The Mirror, citing an MoD spokesperson, stated that the new briefcases are so strong that they can withstand a Semtex explosion. Special versions will have an electronic system that erases the laptop’s hard drive if the case is opened without the right codes. The briefcases were recently displayed at a private security exhibition at the

MoD’s Whitehall headquarters and were passed for use by a secretive Cabinet Office body called the Security Equipment Assessment Panel. Some of the briefcases will also be fitted with electronic trackers so that they can be traced quickly if they are misplaced.3

If your company’s security is not adequate, thieves can enter your office and steal proprietary information. Consider the case of John Labatt Ltd., whose offices were entered by a thief who stole five laptop computers. The physical security at Labatt in the heart of Toronto’s financial district was easily breached. Espionage is suspected because the thief ignored cash and other valuables. Labatt is being eyed by at least two suitors for a hostile takeover so that any private information would be of much greater value on the street than just the physical worth of the laptops.

A laptop is not immune from theft in a hotel. Some countries convince hotel operators to provide intelligence collectors with access to visitors’ luggage or rooms. During these surreptitious break-ins, known colloquially as “bag ops,” unattended luggage is searched for sensitive information, and any useful documents are copied or simply stolen.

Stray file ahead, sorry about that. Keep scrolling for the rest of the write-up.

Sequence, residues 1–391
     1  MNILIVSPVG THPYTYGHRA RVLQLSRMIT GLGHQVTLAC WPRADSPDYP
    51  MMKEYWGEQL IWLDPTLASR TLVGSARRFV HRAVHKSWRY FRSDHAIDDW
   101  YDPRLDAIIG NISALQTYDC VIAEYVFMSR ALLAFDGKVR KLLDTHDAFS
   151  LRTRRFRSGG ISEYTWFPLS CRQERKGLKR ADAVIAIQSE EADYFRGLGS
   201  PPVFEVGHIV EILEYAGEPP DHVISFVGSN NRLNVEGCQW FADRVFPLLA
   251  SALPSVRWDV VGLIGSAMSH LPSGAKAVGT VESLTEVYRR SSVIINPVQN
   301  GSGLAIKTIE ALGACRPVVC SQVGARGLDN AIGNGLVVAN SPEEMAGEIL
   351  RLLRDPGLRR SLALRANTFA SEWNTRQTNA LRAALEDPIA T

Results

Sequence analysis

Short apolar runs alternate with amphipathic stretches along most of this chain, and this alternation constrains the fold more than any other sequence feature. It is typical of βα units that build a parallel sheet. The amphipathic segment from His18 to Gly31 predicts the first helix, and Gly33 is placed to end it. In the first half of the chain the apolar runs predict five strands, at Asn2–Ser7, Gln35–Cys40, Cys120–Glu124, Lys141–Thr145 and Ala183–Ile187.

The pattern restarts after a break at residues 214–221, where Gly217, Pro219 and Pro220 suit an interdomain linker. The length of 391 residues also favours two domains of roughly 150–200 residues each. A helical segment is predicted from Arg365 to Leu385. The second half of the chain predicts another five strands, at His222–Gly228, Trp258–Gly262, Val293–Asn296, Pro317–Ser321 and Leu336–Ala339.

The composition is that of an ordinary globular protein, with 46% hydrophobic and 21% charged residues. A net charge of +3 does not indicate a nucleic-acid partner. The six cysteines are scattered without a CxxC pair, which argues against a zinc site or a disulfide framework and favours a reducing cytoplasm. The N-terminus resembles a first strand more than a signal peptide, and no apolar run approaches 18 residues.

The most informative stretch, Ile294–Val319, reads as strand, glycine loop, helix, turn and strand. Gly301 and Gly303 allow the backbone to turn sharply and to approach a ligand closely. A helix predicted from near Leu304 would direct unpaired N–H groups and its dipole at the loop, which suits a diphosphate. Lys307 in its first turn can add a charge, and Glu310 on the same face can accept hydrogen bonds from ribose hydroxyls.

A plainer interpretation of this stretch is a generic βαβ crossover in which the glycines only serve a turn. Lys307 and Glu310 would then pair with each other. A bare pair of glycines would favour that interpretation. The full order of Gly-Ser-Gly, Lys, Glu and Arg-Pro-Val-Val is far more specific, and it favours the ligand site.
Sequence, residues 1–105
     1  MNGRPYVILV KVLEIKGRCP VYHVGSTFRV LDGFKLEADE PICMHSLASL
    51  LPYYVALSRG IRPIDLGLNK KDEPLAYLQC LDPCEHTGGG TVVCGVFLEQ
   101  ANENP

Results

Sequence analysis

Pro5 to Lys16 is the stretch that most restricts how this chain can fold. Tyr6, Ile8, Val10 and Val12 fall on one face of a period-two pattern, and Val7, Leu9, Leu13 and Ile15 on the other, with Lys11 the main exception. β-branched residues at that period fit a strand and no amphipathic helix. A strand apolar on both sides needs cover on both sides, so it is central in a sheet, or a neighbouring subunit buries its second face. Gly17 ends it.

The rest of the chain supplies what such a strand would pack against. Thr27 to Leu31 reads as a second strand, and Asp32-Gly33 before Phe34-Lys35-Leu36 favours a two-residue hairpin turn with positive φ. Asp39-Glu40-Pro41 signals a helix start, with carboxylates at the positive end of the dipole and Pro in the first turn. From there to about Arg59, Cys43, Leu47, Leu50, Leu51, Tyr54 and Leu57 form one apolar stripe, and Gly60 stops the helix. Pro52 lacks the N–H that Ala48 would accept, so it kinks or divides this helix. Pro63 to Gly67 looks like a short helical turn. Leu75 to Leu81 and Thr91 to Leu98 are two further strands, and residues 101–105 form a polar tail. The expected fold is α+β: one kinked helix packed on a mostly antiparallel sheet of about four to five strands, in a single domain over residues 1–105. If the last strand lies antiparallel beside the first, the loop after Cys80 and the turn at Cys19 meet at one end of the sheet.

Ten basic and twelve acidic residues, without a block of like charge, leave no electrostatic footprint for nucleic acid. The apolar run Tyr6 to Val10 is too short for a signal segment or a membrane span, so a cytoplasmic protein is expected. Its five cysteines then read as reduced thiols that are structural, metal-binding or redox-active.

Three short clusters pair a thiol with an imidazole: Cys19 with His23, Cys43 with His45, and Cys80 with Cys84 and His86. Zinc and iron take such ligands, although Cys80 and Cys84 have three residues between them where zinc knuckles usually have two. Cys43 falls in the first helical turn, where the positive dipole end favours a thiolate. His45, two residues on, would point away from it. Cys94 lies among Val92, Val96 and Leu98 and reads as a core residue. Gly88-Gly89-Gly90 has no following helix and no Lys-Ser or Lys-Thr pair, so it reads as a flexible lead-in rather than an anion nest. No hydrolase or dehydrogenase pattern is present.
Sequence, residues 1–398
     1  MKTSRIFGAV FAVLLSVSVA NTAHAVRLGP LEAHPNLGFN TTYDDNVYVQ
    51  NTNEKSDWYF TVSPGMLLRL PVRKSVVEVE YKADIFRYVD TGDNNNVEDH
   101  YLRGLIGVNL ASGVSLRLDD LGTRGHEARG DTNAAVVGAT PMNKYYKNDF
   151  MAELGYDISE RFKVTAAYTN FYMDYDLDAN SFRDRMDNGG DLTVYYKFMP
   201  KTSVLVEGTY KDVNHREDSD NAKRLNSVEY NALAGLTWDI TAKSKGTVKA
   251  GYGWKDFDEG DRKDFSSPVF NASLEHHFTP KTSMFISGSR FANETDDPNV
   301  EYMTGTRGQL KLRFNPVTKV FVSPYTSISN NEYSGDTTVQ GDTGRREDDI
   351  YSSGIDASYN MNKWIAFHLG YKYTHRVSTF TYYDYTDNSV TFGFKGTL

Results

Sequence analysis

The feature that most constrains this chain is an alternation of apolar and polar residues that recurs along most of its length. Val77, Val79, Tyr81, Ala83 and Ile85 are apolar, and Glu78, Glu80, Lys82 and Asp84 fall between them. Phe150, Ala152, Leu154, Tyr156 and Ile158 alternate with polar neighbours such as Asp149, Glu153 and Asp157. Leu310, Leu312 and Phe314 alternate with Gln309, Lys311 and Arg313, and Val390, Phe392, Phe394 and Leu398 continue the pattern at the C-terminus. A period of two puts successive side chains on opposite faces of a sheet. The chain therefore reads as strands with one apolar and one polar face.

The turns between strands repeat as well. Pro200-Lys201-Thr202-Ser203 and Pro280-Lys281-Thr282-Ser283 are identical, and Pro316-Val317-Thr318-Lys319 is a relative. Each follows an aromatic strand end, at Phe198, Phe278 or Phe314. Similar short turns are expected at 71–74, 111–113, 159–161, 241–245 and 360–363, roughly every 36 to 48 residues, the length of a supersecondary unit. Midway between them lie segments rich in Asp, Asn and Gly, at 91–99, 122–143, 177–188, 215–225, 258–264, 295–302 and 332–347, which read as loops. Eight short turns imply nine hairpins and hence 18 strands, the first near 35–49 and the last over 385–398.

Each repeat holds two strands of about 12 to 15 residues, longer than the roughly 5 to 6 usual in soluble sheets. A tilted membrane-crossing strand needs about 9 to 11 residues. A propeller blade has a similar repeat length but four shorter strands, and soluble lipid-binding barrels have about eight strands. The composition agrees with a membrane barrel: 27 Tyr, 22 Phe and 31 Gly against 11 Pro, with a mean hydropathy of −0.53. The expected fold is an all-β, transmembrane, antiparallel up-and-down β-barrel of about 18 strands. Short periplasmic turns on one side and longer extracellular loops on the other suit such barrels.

Economic and industrial espionage may involve simply breaking into a hotel room or an office containing desired information. Break-ins at the foreign offices of American companies have resulted in the theft of laptop computers and/or disks even when more valuable items are in the vicinity. These instances are not always reported, or they are reported as merely break-ins, without considering the possibility that the target was information rather than equipment.

In another example, a major US consumer products company suffered a possible loss of proprietary information as a result of a theft in East Asia. A laptop computer containing sales data, market estimates, and strategic business plans for one of its business units was stolen from a hotel conference room during a lunch break. Hotel staff—under the supervision of a company employee who was preparing remarks for the next presentation— cleaned the room for the afternoon session. The employee did not continuously guard the computer and discovered the loss shortly before the session reconvened.

When a laptop is stolen, one doesn’t know whether it was taken for the value of the information on the computer or for the value of the computer itself. This makes it difficult to assess the damage caused by the loss. In addition, stolen laptops are rarely recovered mainly because it is difficult to prove ownership if the owner did not bother to record the laptop’s serial number.

Éste y otros excelentes artículos del mismo AUTOR aparecen en la REVISTA GUARACABUYA con dirección electrónica de: